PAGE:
Lack of water endangers regional economies

For a region so rich in oil reserves, water scarcity has become a huge cause for concern.

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By  John Irish Published  October 8, 2003

If there's one topic that the Middle East's leaders should not ignore, it's the issue of water scarcity. Unfortunately, at the World Bank/IMF meetings the subject was somewhat overshadowed by the call for better governance in the region and few delegates sat through the two hour seminar focusing on the water issue.

"There is no magic solution. Middle East and North Africa (MENA) countries have been facing this crisis for the last 30 years and will continue to do so, unless they establish a long-term vision," Jordan's minister for water, Dr Hazem Al Nasser, told the audience.
The facts speak volumes.

Agriculture accounts for between 5-25% of GDP in MENA countries, yet 90% of all water goes into this sector. The Middle East makes up 5% of the world's population, yet only has access to 1% of fresh water and even then availability of water as a whole has declined since 1985 and is now lower than in Africa.

According to Jean-Louis Sarbib, senior vice president for human development at the World Bank, each individual's share of water in the Arab region is around 1,200 cubic meters per year, an average that is just over the minimum set by the UN of 1,000 cubic meters per year.

However, Yemen is already 50% below that at 500 cubic metres. Figures indicating that MENA will also see a doubling of the population in the next 30 years mean that a careful strategy to conserve water urgently needs to be put in place.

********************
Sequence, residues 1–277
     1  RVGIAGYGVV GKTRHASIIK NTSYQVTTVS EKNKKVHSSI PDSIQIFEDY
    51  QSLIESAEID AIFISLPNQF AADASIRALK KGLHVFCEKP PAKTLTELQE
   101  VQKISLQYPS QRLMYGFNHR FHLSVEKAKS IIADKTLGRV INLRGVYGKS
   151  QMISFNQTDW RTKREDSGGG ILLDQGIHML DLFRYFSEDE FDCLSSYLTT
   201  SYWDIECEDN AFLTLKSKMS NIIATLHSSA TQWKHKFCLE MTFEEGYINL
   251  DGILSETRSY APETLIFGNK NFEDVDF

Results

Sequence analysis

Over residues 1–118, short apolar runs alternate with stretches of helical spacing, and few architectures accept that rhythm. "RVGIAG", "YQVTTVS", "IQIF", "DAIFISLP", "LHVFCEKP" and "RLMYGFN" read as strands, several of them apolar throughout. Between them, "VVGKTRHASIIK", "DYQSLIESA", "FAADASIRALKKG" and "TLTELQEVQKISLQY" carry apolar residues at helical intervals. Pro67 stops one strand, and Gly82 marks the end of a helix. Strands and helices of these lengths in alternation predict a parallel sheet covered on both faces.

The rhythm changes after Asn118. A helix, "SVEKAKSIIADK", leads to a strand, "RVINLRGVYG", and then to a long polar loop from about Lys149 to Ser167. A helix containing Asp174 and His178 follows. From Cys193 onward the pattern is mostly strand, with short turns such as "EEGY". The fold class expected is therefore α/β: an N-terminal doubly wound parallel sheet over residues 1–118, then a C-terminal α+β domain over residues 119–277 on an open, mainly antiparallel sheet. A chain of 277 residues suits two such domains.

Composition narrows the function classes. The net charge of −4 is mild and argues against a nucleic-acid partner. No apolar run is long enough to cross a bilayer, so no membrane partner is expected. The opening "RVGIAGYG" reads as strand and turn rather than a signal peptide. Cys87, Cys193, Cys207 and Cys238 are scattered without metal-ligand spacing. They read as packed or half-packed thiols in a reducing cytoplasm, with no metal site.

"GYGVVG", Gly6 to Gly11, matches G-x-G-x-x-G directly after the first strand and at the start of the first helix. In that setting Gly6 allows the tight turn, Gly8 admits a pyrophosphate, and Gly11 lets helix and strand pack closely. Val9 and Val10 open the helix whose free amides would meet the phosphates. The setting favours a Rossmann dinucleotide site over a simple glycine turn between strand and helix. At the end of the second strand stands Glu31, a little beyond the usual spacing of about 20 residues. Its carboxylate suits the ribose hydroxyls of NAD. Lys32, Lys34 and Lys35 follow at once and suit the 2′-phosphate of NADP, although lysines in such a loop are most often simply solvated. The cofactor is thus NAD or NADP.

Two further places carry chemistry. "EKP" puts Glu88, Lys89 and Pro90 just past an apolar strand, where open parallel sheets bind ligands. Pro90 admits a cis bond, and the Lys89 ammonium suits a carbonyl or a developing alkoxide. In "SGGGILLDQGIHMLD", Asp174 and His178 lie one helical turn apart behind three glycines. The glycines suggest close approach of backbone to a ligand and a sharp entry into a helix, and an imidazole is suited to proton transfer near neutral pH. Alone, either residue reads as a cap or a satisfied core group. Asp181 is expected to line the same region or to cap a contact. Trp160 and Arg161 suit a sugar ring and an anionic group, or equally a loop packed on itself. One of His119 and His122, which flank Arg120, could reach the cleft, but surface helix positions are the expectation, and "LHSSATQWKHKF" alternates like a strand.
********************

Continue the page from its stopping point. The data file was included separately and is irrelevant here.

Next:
At grassroots level, education must play a role in raising awareness of how to use water and not waste it. "Domestic usage can be improved through metering, new pricing strategies and the recycling of 'grey' water - water used for washing and other domestic uses," said Fady Juez, managing director, METITO, a firm dealing with water supply.

Desalination plants are often considered the most effective way of increasing water resources, yet saving resources should be the main focus, experts said. While it can cost as little as 50 cents to desalinate each cubic metre of water, areas that need the water are often located far away, meaning that transportation costs increase the overall cost of water.

Over the last few years, the call for private public partnership to increase efficiency and create long term water resource management plans has also increased. However, there has been very little activity on this front, largely due to the bureaucratic mentality that influences administrative decisions. Consequently, as Dominique Mangin d'Ouince of Suez Environnement explains, private firms currently think twice before coming to the region.

A rethinking current agricultural policies could well help alleviate the water crisis. By selecting higher yield crops that may appeal more to the export market and making irrigation methods more efficient, the region could save as much as 40% of water outlay, as happened in California.

All in all, working as a region to overcome the problem will be key, something that may prove difficult in the Middle East. Nevertheless, experts are confident that water scarcity will not lead to wars, as has been predicted. "I don't believe it will create conflict. Of course water rights create sensitivities. I think it is vital to co-operate. This is the case between Jordan and Israel with regard the Dead Sea," says Jordan's Al Nasser.

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